I think that there have always been individuals or groups of individuals within (almost?) all societies who doubted the existence or power of the various deities. The ancient Greeks seemed to have the members who questioned their deities the most.
But most societies strove to answer the big questions, and the questions that impacted most on their lives. Who are we, and how did we come to be here? Why is the rain/drought ruining our crops? Why do we get sick? What are those lights in the night sky? And all societies came up with answers to those questions, in the absence of an understanding of evolution or weather patterns or bacteria or stars and solar systems and galaxies. And those answers generally involved some supernatural beings. So although I cannot say for sure, I think it is a fair bet that no societies were formed based on the concept of atheism.
In terms of literature and art and music, of course! One of my favorite authors, Isaac Asimov, was an atheist and a secular humanist. Alice Walker. Langston Hughes. Zora Neil Hurston. Virginia Woolf. Ursula LeGuin. Douglas Adams. I could go on and on. And of course gazillions of philosophers and scientists ranging from Bertrand Russell and Carl Sagan and Neil Degrasse Tyson and Stephan Hawking and the famous writers who focus on atheism as a topic, such as Richard Dawkins and Christopher Hitchens and probably a lot of names that others on this forum know better than I do.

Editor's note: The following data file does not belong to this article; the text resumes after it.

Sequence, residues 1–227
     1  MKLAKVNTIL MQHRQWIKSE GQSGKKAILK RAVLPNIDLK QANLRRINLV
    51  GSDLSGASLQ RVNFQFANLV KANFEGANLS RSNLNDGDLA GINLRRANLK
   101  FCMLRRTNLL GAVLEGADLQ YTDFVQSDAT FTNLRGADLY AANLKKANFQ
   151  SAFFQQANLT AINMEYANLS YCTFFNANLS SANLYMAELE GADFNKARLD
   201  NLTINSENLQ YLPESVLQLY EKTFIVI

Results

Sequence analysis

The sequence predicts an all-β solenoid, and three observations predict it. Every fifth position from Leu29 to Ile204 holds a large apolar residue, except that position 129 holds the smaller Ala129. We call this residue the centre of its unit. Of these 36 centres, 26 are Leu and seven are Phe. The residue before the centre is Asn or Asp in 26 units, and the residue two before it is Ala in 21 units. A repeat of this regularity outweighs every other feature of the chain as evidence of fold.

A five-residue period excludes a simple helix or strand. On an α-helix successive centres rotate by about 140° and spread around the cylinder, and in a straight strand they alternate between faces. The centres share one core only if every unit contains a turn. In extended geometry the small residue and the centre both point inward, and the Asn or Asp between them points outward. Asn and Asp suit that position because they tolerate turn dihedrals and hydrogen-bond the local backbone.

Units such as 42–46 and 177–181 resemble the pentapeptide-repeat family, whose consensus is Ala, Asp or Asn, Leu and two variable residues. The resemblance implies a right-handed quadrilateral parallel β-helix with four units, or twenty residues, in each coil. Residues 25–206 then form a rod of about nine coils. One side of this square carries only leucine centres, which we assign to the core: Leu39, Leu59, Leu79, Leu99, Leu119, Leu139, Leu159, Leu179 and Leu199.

In terms of the visual arts, there is of course, Diego Rivera and his wife Frida Kahlo. I am sure there are many others, and perhaps our resident art aficionados can add to the list. I can tell some great “Diego the atheist” stories if you’d like.
Music? Well, in addition to our young but accomplished resident violist, there are quite a few atheist musicians.
Lori, I think I’ve read enough of your posts to be pretty sure you will like this song, even though you are a Christian.
One of my favorite musicians in the world, Manu Chao, is an outspoken atheist. If you don’t know him, he spent his childhood in France as a Galician refugee from the Franco regime. He sings in many languages, mostly Spanish and French, and to a lesser degree English and Portuguese and sometimes Arabic and Wolof. (edited to add) Social and economic justice are common themes in his work.
Here is one of his English songs.
And here is one that you might be familiar with. I don’t think it is his best work, but it seems to be one of the few songs that really got play in the English speaking world.